Electrophysiological Measurements of Membrane Proteins

  • Tsung-Yu Chen
  • Yu-Fung Lin
  • Jie Zheng
Chapter
Part of the Handbook of Modern Biophysics book series (HBBT)

Ion channels and transporters are macromolecular proteins in the cell membrane that consist of ion transport pathways in the protein structure. These membrane proteins catalyze ion flux across lipid membranes and thus generate currents that flow into or out of cells. By altering electric currents through cell membranes, ion channels and transporters control the membrane potential, an important property of living cells [1]. In addition, the ions that flow into cells (for example, Ca2+ ions) may play significant roles as intracellular messengers, and thus are critical for signal transduction mechanisms in cells [2]. A defect in ion transport can result in a variety of cellular malfunctions that cause many human diseases [3].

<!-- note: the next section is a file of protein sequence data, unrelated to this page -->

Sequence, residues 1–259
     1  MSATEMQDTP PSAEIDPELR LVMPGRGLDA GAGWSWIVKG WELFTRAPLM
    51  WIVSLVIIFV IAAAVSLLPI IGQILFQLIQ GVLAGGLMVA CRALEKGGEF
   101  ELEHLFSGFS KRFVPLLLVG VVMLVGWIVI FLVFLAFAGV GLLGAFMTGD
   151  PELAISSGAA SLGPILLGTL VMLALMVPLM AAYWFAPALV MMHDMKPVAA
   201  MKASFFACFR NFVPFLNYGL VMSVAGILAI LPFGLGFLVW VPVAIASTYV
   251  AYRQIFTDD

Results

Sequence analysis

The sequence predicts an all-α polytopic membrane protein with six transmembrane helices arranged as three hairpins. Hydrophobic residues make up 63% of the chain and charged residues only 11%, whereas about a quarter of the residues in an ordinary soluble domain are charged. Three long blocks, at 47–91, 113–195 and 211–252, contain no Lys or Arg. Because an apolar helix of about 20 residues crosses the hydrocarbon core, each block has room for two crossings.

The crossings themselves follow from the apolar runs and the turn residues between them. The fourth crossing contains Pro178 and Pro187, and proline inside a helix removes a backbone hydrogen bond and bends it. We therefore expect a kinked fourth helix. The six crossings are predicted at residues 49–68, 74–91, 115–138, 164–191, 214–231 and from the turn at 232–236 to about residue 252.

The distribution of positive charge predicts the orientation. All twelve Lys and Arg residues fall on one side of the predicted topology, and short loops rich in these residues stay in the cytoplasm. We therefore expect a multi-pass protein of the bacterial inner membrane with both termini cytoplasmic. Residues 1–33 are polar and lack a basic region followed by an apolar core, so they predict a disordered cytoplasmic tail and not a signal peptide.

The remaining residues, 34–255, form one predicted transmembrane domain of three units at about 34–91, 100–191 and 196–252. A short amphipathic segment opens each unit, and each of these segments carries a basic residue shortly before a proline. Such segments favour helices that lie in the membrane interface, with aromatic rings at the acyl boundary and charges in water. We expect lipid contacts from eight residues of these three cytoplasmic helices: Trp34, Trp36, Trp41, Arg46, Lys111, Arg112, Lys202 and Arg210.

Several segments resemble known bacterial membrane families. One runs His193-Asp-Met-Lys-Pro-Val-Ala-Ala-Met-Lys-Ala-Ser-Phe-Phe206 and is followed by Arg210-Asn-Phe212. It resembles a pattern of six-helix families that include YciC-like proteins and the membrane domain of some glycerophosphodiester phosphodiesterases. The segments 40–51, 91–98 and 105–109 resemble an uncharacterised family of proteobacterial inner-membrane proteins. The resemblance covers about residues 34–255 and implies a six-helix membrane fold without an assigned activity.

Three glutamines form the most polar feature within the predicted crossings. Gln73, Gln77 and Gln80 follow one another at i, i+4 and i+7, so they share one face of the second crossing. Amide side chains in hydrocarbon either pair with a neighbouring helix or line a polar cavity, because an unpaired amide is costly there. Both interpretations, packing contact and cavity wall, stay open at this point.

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Further Study

  1. Hille, B. 2001. Ion channels of excitable membranes. Sunderland, MA: Sinauer Associates.Google Scholar
  2. Sakmann B, Neher E. 1983. Single-channel recording, 1st ed. New York: Plenum.Google Scholar
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  5. Ashcroft F. 2000. Ion channels and diseases: channelopathies. London: Academic.Google Scholar
  6. Lakowicz J. 2006. Principles of fluorescence spectroscopy. 3rd ed. New York: Springer.CrossRefGoogle Scholar

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Copyright information

© Humana Press 2009

Authors and Affiliations

  • Tsung-Yu Chen
    • 1
    • 2
  • Yu-Fung Lin
    • 3
    • 4
  • Jie Zheng
    • 4
  1. 1.Center for NeuroscienceUniversity of CaliforniaDavis
  2. 2.Departments of NeurologyUniversity of CaliforniaDavis
  3. 3.Anesthesiology,University of CaliforniaDavis
  4. 4.Physiology and Membrane BiologyUniversity of CaliforniaDavis

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